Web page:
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Friday, May 1, 2015

Nearing Release Day

Although it has been a while since we posted last, we haven't stopped caring for and observing our salmon fry! As they approach the smolt stage of their life cycle, it means it is time to release them to begin their journey towards Lake Erie. We feel very fortunate to have approximately 180 salmon to release next week. Below are some recent pictures to show how big they are now!

Monday, January 26, 2015

Water Quality

Making sure our fish have water that is clean and has just the right levels of chemicals is by far our biggest task.  The past few days, our nitrites and ammonia have been high-in the "dangerous" or "unsafe" range.  We get the water chemicals back in check, we do a water change (see last week's post on how we water change) and Friday, Saturday, and today, we also added some chemical treatments to help the levels come back into the safe ranges faster.  

The fish are behaving well, which is the first step to analyzing our water quality.

Next, we use test strips to test these chemicals:

Then, we did a water change.  The kids emptied about 10% of our water, then Mrs. Davis used a kitchen baster to suction up the solid fish waste  (poop) from the bottom of the tank.  

When we add new water, we have to add a chemical to neutralize the chorine that is is our tap water.  Chlorine kills fish.  This chemical called Prime takes care of our chlorine.  We only add about 1 mL of Prime for our new 6 gallons of water.  Today we added 2 mL to try to bring our nitrite level back down to the safe range.  We will do test strips tomorrow to see how it's doing.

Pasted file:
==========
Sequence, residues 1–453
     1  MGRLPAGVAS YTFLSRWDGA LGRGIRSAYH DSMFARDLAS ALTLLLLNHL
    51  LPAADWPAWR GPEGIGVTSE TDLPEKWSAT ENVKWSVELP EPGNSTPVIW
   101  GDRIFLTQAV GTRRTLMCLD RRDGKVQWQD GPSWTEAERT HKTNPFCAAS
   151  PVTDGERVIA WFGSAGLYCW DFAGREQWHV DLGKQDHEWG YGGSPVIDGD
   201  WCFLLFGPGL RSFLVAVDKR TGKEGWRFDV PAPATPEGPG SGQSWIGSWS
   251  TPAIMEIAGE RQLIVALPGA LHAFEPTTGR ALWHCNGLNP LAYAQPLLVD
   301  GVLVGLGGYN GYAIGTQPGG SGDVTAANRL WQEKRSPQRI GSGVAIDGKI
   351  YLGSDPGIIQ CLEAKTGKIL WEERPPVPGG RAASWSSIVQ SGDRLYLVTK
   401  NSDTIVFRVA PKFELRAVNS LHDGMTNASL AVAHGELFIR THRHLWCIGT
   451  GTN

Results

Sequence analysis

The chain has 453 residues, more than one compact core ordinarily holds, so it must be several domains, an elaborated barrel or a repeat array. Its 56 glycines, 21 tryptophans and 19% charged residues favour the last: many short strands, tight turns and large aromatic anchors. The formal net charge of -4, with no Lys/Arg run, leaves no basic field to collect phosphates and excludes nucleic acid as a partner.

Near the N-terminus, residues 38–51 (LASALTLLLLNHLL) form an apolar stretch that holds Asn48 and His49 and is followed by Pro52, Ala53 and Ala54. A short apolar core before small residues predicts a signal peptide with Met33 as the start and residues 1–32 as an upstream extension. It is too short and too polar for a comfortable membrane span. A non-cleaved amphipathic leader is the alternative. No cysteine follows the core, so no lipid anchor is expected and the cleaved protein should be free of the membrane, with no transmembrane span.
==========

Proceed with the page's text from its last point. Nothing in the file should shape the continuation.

After refilling the tank, we then feed the fish. Today, we moved up to the second size of fish food pellets from then DNR.

From our research and looking at our data, we think our chemical levels are part of the natural cycling process that comes with establishing a new tank.

Chart courtesy of the MI DNR Salmon In the Classroom Program.

Friday, January 16, 2015

Water Change

Now that our fish are eating food, they are also producing solid waste.  That means that our tank is now getting dirty with poop and uneaten food.  To keep the water clean, we test the water quality (watch for a post about that next week) and twice a week we change 10% of the water.  How do we do a water change?

First, we remove about six gallons of water.

Next, one of the teachers uses a suction device (baster or siphon) to remove waste from the bottom of the tank.  The water FREEZES our hands!!

Our debate today was is this uneaten food or is it fish poop? What do you think?

Finally, we connect a hose to our sink and run the hose across the room to the tank. We turn on the water until the tank is full.  We also add a chemical called Prime to the tank to kill the chorine and any ammonia that is in the water. (Mrs. Mali, Mrs. Davis, and Mr. Mike from Premier Pet Supply did some math to determine how much Prime to be right for the amount of new water and also we used math to mark the tank with a sharpie so we would know where the 10% water level is.)

Saturday, January 10, 2015


Cooking dinner...can you believe our fish will one day get this big?